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I Don’t Understand My Business Accounts

What are Business Accounts?

Business accounts are a vital tool that helps the Business stay on track and keep growing and moving forward.

At the end of the business year a set of accounts is created to show the:

Profit & Loss of the Business at the year-end

Balance Sheet at the year-end

Some Financial Notes explaining who the owners are

How can a set of Business Accounts help the Business to keep growing and moving forward?

  • A set of Business Accounts shows how well a business has done during a financial year.
  • Show the financial position of the business this year and should show last years’ figures also so comparatives can be made.
  • Help Business owners keep an eye on sales versus the cost of sales to make sure profit margins are not decreasing.
  • Keep an eye on the cost of overheads so costs do not spiral.
  • Explain to owners and HMRC what figures have been used to calculate taxable profit.
  • Help keep an eye on Assets and the value of those Assets.
  • Make sure the value of people who owe the business money does not grow too high, income from sales should come into the business quickly.
  • Be aware of the value of money the business owes to suppliers and loans so the business always has a positive figure in the Net Current Assets, so the business can pay off its own debts without needing to borrow money from the owner.
  • Help the Business Owner to make plans for future growth and development so the Business can keep moving forward and Profits can keep increasing.
  • Business Accounts are also a vital report that lenders and suppliers will ask for when providing loans and terms for payment of bills.  A good set of Accounts could be the difference between getting 30 days terms to pay suppliers and getting 60 days terms to pay suppliers which also helps with cash flow.

What is a Profit & Loss Account?

A Profit & Loss account (P&L Account) shows the Profit or Loss made from sales minus expenses:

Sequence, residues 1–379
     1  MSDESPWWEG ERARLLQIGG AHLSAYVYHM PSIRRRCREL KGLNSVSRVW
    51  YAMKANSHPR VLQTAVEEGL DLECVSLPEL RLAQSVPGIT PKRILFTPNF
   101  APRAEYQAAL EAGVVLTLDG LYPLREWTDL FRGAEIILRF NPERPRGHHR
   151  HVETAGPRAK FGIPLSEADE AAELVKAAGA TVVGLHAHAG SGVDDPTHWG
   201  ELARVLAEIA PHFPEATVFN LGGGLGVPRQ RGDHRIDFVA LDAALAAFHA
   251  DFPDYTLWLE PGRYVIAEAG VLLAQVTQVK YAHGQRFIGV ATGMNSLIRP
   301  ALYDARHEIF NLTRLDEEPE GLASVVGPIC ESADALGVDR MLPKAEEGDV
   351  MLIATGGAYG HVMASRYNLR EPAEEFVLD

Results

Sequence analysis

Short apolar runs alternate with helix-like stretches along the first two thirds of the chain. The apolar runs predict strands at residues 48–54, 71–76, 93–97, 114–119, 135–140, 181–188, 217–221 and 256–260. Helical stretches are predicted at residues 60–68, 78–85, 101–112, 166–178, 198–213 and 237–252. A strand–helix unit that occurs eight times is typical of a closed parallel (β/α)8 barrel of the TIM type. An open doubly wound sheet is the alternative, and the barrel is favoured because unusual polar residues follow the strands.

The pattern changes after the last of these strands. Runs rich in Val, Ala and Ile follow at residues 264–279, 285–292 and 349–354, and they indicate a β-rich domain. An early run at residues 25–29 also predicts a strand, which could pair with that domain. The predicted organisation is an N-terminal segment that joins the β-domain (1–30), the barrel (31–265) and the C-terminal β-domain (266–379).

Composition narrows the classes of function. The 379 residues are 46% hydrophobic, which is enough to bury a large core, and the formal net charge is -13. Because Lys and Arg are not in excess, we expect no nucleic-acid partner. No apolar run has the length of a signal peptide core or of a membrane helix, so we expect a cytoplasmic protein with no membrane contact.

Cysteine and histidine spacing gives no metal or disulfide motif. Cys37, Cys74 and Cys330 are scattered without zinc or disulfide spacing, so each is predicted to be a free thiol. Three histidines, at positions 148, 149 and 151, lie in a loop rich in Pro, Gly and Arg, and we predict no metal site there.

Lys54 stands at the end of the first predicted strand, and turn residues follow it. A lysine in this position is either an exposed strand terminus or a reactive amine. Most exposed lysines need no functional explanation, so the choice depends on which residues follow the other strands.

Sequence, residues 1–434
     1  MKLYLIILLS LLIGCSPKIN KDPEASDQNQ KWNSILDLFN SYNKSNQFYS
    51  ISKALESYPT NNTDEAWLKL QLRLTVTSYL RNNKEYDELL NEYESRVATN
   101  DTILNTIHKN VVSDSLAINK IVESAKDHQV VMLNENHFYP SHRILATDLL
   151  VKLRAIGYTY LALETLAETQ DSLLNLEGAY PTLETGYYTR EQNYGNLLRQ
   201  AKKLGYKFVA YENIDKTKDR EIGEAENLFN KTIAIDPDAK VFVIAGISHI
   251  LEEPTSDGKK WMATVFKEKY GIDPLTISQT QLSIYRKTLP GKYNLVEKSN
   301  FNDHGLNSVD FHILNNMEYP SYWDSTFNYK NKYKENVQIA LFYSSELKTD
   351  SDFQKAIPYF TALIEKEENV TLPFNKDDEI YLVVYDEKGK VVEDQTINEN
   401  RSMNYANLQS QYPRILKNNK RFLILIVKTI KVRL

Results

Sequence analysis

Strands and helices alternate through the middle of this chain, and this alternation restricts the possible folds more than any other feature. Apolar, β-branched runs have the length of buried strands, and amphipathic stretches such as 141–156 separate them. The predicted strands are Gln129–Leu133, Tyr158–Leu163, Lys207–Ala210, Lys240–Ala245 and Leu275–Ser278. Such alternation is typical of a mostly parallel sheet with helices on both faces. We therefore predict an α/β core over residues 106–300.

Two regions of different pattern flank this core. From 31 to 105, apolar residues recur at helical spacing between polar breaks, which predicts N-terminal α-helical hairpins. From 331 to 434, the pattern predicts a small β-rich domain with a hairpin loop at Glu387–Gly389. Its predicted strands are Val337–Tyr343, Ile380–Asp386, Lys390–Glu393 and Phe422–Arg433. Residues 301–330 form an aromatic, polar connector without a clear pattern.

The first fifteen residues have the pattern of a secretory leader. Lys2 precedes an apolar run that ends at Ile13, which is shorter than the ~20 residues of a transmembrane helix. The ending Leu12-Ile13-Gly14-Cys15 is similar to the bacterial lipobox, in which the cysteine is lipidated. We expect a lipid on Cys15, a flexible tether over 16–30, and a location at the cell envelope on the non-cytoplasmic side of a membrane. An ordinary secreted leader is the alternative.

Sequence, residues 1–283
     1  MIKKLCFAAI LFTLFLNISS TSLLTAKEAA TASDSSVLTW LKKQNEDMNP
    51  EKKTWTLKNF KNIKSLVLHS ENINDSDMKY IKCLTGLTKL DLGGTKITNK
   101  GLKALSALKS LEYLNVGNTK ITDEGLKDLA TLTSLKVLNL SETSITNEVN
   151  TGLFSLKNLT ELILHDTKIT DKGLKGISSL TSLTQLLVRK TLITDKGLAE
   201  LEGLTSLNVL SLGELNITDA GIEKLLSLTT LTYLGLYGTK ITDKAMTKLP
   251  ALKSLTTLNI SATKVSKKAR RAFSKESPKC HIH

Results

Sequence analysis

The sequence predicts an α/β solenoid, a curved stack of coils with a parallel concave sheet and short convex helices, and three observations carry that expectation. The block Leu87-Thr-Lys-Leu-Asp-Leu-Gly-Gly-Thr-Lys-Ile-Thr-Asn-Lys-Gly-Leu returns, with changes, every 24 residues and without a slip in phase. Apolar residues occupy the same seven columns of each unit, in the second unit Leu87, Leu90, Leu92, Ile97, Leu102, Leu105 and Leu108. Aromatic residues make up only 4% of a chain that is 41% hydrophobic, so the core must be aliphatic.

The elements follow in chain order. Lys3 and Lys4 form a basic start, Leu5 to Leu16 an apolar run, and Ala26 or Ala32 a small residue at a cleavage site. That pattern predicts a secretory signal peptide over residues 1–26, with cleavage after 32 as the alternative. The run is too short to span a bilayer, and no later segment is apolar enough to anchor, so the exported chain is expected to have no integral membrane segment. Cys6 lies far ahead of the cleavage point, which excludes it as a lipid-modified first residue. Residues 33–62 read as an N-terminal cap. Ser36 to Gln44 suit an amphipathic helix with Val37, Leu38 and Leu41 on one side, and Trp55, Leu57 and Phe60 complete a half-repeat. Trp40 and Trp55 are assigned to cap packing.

Sales:

Income from goods and services sold

Cost of Sales:

The direct costs linked to sales.  Cost of sales are expenses you would not suffer if you had no sales:

  • Materials used on a production line
  • Labour used on production line / Providing service if the business sells a service
  • Small tools used etc

Gross Profit / Loss:

Sales minus Cost of sales =  Gross profit or Loss


Overheads:

Overheads are all the other expenses that you would suffer even if the business did not make a sale:

  • Advertising
  • Rent
  • Stationery
  • Telephone
  • Wages not linked to the production line / Providing the service if the business sells a service

Pre-tax Net Profit:

Gross Profit/Loss minus overheads = Pre-Tax Net Profit / Loss

What is a Balance Sheet?

A Balance Sheet shows where either physical money, or money tied up in something else, sits for a business at the year-end.  It is made up in sections:

Fixed Assets:

Fixed Assets are items of machinery and equipment that will last more than 1 year.

They are valued by:

  • Original cost when items purchased
  • minus a value of deterioration each year = current value.


Current Assets:

Current assets are items that are already physical cash or items that can be turned into physical cash quickly:

  • Customers who owe the business money
  • Petty cash not in the bank
  • Cash in the actual bank account


Current Liabilities:

Current Liabilities are small loans that will be paid by the business quickly:

  • Suppliers Bills (Creditors)
  • Tax Bills
  • Small short-term loans

 

Net Current Assets:

Fixed Assets + Current Assets – Current Liabilities = Net Current Assets.

This shows the value that would be left in the business after all business debts have been paid.


Net Current Assets figure and Capital & Reserve figure will always be the same value.  This is how accounts balance and why this report is called the Balance Sheet.    Every Business should strive to have a positive Net Current Assets figure and Capital & Reserve figure, showing the business has enough value in its assets, to cover all debts and still have money left.  This is a Positive Balance Sheet.

Do Business Accounts cover the calendar year?

A Business will have an accounting start date and end date for each year.  This period will be 12 months long, but this might not be the same as a calendar year. 

  • Sole Traders & Partnerships will normally have the year 1.4 to 31.3 because this runs close to the tax year (6.4 to the following 5.4).
  • Limited Companies will have a year that is determined when a Limited Company is created.  If you created a Limited Company on 1.5.2020 your year-end would be 30.4.2021.  

What steps can I take to be more comfortable with understanding the Business Accounts?

Go through your last set of Business Accounts and follow the above notes to see if you are now more comfortable with understanding the Accounts.

Still fear the Figures – Get in touch and let us shed light on the matter.  We can go through your current accounts with you, step by step and explain what each line means and how it compares to last year.

Feel comfortable with the layout of the Accounts but need help with making growth plans? – Get in touch and share your story so we can understand where you would like to be.  We will help with cashflow projections and plan different scenarios, making easy to follow action points to get you to your dream faster.



 

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